NAIROBI, Kenya June 16 – Two registered voters want the National Assembly to repeal a provision in the electoral law requiring anyone running for elected office to have a diploma.
Speaker of the National Assembly Justin Muturi informed MPs that he had received a petition from Anthony Manyara and John Wangai stating that section 22 (1) (b) of the Election Law is unconstitutional as it is discriminatory, incompatible with the constitutional provisions in the Bill of Rights.
“The petitioners therefore pray that this House will remove Article 22 (1) (b) of the Election Law in its entirety in order to provide a level playing field for all candidates for elected office, regardless of their background.” , we read in the petition.
They added that the provisions are also contrary to the will and sovereignty of the people.
“Further, the petitioners say that the requirement for a university degree will make political leadership a preserve of the elite and disenfranchise a number of good leaders who may not have had the privilege of pursue higher education. As they may not have completed their studies within the expected timeframe of less than two years before the next elections, ”said the petitioner.
The implementation of the amended Article 22 of the Election Law was postponed in the 2017 polls to allow candidates who wish to run for MP and MCA positions to acquire the required academic qualifications.
The provisions are to come into force and apply to the qualifications of candidates for general elections to be held after the 2017 general election, being the general election of August 2022.
However, in their contribution to the petition which will be dealt with by the Committee on Justice and Legal Affairs, MEPs did not mince their words by showing their opposition to the request of the two petitioners.
Garissa Township Aden Duale, Robert Pukose (Endebess), David Ochieng (Ugenya) and Kangongo Bowen (Marakwet East) said House should not even welcome the petition because it is an abuse of the process because the suspension law enforcement aimed to give MPs, MCAs and incumbent aspirants sufficient time to improve their academic qualification to at least a degree.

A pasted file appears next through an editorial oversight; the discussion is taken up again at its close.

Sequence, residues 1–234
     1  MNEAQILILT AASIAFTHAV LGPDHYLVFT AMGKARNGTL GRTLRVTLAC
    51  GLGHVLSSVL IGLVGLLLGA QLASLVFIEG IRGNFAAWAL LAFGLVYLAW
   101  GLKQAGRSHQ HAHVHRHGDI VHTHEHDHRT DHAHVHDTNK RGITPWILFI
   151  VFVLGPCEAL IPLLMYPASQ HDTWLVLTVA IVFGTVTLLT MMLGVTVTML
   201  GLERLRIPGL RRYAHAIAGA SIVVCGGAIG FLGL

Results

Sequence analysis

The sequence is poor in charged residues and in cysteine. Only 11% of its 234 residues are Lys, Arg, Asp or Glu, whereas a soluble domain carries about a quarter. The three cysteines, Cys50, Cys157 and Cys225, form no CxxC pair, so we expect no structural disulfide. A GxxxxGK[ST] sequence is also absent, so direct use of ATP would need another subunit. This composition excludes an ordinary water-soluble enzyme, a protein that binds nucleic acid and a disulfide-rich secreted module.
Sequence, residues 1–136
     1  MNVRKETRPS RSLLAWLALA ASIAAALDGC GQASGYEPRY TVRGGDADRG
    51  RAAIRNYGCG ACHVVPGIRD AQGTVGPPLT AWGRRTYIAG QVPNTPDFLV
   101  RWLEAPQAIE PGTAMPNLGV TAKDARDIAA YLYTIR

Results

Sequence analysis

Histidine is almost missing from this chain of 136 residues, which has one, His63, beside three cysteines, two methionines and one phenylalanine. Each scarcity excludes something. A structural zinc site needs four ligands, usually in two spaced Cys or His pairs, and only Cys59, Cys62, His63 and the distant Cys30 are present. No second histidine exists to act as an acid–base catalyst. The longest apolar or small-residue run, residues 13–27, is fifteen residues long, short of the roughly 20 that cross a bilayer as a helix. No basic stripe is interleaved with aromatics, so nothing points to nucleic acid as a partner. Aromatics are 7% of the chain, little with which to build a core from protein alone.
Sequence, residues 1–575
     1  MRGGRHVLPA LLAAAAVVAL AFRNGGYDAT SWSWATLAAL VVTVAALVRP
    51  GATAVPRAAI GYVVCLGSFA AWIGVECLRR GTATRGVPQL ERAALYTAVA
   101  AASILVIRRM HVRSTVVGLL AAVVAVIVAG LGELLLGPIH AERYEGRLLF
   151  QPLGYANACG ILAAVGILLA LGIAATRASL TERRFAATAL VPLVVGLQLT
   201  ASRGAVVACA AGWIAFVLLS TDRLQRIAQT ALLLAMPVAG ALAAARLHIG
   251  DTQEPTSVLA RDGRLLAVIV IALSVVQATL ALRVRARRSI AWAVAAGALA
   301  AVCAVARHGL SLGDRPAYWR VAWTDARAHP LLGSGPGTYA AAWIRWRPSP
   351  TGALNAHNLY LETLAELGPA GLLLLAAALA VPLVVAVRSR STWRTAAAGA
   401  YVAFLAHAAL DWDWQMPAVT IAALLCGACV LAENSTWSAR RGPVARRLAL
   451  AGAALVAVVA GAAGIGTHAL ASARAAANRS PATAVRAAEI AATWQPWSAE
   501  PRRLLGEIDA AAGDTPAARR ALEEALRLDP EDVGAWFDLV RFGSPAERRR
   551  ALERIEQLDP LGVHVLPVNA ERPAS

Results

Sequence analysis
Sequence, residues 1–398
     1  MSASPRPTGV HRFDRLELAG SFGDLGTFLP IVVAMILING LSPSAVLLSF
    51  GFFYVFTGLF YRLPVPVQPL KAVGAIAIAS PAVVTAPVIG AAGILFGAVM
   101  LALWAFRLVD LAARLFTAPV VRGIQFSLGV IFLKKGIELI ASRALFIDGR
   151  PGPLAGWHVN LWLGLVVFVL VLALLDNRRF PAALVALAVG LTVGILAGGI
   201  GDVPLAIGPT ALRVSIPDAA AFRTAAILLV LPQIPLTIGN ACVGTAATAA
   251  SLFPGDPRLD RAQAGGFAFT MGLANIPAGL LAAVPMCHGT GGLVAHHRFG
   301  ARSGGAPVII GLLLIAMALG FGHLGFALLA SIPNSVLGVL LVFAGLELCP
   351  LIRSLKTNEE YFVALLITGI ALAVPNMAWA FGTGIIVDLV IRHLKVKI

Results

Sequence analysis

Duale noted that elective seat holders must be well equipped and possess academic qualifications that effectively facilitate the exercise of legislative, oversight and representative roles.
“We cannot have people who have no basic education qualifications to participate in the function of the budgeting process in this House. We cannot have people who are not qualified to question the Auditor General’s reports in this House, ”said the former majority leader.
For his part, Bowen added that it is impossible to have illiterate lawmakers.
“You cannot legislate when you are illiterate. At the same time, we have seen in some cases a law professor as governor overseen by illiterate MCAs. We discussed this issue in the 11th legislature and this time we are not going to postpone it until 2027, ”said the MP for Marakwet East.
Ochieng also argued that the House must deal with the issue with finality, adding that the legislature should be compromised with substantive lawmakers able to question members of the executive and bills entering the August House. .
“Parliament will be charged if we interfere with this law. Because we have tried so many times. This time, we have to give up.
“As much as the petitioners have the right to bring the petition, I want to ask the relevant committee not to waste time on this issue, there are more serious matters to consider. The IEBC has not given on how it wants to organize the elections over the next year, ”said MP from Ugenya.